Militants who attacked a natural gas facility in eastern Algeria took as many as 40 people hostage, including three Americans as retaliation for France's intervention in neighboring Mali. NBC's Rohit Kachroo reports.
ALGIERS, Algeria -- Fifteen hostages were reported Thursday to have escaped from Islamist fighters who claimed to be holding 41 foreign nationals after taking over a gas plant in the Algerian desert.
U.S. officials said Wednesday that three Americans were among the hostages, but the report of the escape by Algerian television did not make clear whether they were among those who managed to flee.
Mauritania's ANI news agency reported that one of the kidnappers had claimed two Algerian army helicopters attacked the gas complex, injuring two of the Japanese hostages. It was not possible to independently verify the report, Reuters said. ANI has close contacts with the al-Qaida-linked group that has claimed responsibility for the mass kidnapping.
Nearly 24 hours after gunmen stormed the natural gas pumping site and workers' housing before dawn on Wednesday, little was certain beyond a claim by a group calling itself the "Battalion of Blood" that it was holding foreign nationals, including Japanese and Europeans in addition to the Americans, at Tigantourine, near In Amenas, deep in the Sahara.
The raid opened an international front in the civil war in neighboring Mali, just as French troops launched an offensive against Islamist rebels in that country.
Kjetil Alsvik / Statoil via AFP - Getty Images, file
This picture released by Norway's Statoil on shows vehicles parked at the In Amenas gas field in eastern Algeria near the Libyan border. Algerian troops surrounded Islamists holding foreign hostages at the field on Thursday.
On Wednesday, Defense Secretary Leon Panetta said he wanted "to assure the American people that the United States will take all necessary and proper steps that are required to deal with this situation."
British Foreign Secretary William Hague confirmed one Briton had been killed and "a number" of others were being held hostage. Algerian media said an Algerian was killed in the assault. Another local report said a Frenchman had died.
"This is a dangerous and rapidly developing situation," Hague told reporters in Sydney on Thursday, adding Britain's Prime Minister David Cameron had spoken with the Algerian President Abdelaziz Bouteflika.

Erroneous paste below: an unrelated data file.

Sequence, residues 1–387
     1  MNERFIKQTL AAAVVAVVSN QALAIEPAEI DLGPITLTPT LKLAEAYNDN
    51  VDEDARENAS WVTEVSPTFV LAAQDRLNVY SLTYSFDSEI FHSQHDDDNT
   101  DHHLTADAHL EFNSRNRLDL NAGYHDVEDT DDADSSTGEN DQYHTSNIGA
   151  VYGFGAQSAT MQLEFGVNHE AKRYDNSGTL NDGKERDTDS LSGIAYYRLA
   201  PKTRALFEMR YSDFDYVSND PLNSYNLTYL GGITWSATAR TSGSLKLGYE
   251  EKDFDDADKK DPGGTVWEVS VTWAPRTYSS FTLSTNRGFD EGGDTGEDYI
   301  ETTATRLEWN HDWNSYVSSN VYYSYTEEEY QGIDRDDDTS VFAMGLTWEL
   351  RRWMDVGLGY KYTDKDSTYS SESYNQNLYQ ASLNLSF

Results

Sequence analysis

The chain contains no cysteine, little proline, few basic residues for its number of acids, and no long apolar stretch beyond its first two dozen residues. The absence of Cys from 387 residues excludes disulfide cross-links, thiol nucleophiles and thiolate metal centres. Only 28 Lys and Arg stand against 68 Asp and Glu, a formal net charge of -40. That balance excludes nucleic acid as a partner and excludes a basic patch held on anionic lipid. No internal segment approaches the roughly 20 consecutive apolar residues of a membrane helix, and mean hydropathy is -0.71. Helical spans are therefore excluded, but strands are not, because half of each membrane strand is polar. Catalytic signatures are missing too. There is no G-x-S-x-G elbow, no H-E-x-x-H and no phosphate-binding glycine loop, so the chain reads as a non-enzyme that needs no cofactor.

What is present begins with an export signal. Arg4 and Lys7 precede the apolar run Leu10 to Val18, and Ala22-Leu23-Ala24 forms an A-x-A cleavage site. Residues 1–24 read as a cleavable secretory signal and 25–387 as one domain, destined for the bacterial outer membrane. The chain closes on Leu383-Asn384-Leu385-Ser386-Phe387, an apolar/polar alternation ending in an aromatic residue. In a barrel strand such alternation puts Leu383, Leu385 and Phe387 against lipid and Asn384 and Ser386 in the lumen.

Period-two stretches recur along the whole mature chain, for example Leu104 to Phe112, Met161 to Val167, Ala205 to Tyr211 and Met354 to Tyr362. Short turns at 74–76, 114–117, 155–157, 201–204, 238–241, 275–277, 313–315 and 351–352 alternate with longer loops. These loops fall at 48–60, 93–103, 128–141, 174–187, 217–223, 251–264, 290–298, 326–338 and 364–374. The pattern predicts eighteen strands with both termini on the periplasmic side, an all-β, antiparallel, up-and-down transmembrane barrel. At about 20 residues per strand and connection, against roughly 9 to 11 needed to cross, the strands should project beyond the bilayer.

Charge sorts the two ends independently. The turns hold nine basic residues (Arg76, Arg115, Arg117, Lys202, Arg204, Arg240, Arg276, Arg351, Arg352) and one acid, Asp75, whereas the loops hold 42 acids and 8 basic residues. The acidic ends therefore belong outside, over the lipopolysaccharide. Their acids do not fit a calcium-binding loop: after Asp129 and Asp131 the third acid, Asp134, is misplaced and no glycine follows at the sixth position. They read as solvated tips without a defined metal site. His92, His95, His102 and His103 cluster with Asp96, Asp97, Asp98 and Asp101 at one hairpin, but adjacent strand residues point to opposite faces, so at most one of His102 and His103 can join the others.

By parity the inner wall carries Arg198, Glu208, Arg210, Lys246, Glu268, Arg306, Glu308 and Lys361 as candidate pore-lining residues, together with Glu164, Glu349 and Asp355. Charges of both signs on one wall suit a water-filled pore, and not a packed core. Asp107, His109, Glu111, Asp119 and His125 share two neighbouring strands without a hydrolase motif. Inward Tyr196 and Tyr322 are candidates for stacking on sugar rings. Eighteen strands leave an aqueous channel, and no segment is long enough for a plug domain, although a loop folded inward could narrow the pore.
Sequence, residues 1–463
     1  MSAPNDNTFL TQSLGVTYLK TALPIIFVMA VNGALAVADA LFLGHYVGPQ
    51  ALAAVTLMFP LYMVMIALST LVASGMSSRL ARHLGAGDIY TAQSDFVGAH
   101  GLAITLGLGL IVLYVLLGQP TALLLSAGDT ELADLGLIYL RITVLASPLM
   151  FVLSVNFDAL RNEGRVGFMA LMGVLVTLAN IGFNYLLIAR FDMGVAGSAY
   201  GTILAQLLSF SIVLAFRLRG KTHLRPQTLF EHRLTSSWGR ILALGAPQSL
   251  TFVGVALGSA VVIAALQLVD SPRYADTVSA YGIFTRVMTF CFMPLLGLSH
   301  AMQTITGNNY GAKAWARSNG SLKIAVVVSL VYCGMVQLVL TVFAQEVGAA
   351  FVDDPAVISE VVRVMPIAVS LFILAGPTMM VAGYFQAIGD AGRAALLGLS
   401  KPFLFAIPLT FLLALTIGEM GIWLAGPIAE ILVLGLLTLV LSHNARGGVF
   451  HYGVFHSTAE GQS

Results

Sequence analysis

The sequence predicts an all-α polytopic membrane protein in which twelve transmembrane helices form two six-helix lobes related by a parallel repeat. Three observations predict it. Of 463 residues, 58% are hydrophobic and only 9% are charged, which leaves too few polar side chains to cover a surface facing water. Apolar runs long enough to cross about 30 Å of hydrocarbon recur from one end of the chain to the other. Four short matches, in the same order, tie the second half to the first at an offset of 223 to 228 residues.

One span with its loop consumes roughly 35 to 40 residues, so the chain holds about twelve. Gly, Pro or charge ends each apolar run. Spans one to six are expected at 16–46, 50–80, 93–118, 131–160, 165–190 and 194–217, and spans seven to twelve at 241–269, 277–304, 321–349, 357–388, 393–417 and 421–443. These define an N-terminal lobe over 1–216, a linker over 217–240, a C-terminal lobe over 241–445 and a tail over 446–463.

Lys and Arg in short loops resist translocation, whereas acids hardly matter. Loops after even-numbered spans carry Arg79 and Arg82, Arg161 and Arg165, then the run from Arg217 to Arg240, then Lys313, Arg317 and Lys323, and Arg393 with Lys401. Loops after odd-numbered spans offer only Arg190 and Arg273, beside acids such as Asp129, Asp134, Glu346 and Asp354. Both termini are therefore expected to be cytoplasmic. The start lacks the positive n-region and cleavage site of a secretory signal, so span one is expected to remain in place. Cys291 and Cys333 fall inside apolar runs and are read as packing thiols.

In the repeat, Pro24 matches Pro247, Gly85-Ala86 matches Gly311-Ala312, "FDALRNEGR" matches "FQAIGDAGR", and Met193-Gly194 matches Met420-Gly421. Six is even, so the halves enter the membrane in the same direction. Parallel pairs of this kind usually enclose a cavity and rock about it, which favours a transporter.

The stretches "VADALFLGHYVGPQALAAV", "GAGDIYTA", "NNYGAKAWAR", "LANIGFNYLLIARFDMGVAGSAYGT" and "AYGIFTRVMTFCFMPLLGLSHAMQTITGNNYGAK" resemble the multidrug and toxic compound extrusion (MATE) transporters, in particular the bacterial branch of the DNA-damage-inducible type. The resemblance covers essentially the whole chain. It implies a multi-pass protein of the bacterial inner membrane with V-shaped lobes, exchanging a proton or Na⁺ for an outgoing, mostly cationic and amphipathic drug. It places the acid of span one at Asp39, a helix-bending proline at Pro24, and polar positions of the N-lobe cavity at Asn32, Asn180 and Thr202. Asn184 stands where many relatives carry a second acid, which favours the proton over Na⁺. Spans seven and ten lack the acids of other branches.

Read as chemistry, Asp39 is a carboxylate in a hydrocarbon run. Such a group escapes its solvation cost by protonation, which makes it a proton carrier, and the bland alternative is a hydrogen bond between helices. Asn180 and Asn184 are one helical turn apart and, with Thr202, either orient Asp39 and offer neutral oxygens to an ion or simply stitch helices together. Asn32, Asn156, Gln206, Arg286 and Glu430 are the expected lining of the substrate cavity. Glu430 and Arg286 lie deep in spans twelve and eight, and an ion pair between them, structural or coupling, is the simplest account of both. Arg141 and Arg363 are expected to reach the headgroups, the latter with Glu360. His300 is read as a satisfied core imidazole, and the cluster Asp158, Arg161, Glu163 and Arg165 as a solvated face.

The crisis presents French President Francois Hollande with a daunting dilemma and spreads fallout from Mali's war against loosely allied bands of al-Qaida-inspired rebels far beyond Africa, challenging Washington and Europe.
Led by an Algerian veteran of guerrilla wars in Afghanistan, the group demanded France halt its week-old intervention in Mali, an operation endorsed by Western and African allies who fear that al-Qaida is building a haven in the desert.
Hollande has warned of a long, hard struggle in Mali and now faces a risk of attacks on more French and other Western targets in Africa and beyond.
The Algerian government ruled out negotiating and the United States and other Western governments condemned what they called a terrorist attack on a facility, now shut down, that produces 10 percent of Algeria's gas, much of which is pumped to Europe.
A French businessman with employees at the site said the foreigners were bound and under tight guard, while local staff, numbering 150 or more, were held apart and had more freedom.
The militants, communicating through established contacts with media in neighboring Mauritania, said they had dozens of men at the base, near the town of In Amenas close to the Libyan border, and that they were armed with mortars and anti-aircraft missiles.
The group said its fighters had rigged explosives around the site and any attempt to free the hostages would lead to a "tragic end."
Algerian Interior Minister Daho Ould Kablia said the raid was led by Mokhtar Belmokhtar, who fought Soviet forces in Afghanistan in the 1980s and recently set up his own group in the Sahara after falling out with other local al-Qaida leaders.
Belmokhtar is a holy warrior and smuggler dubbed "The Uncatchable" by French intelligence and "Mister Marlboro" by some locals for his illicit cigarette-running business.
In their own statements, the militants condemned Algeria's secularist government for "betraying" its predecessors in the bloody anti-colonial war against French rule half a century ago by letting French warplanes fly over its territory to Mali. They also accused Algeria of shutting its border to Malian refugees.
Hollande has called for international support against rebels who France says pose a threat to Africa and the West, and admits it faces a long struggle against well-equipped fighters who seized Timbuktu and other oasis towns in northern Mali and have imposed Islamic law, including public amputations and beheading.
Islamists have warned Hollande that he has "opened the gates of hell" for all French citizens.
The conflict, in a landlocked state of 15 million twice the size of France, has displaced an estimated 30,000 people and raised concerns across mostly Muslim West Africa of a radicalization of Islam in the region.
NBC News' Robert Windrem contributed to this report.
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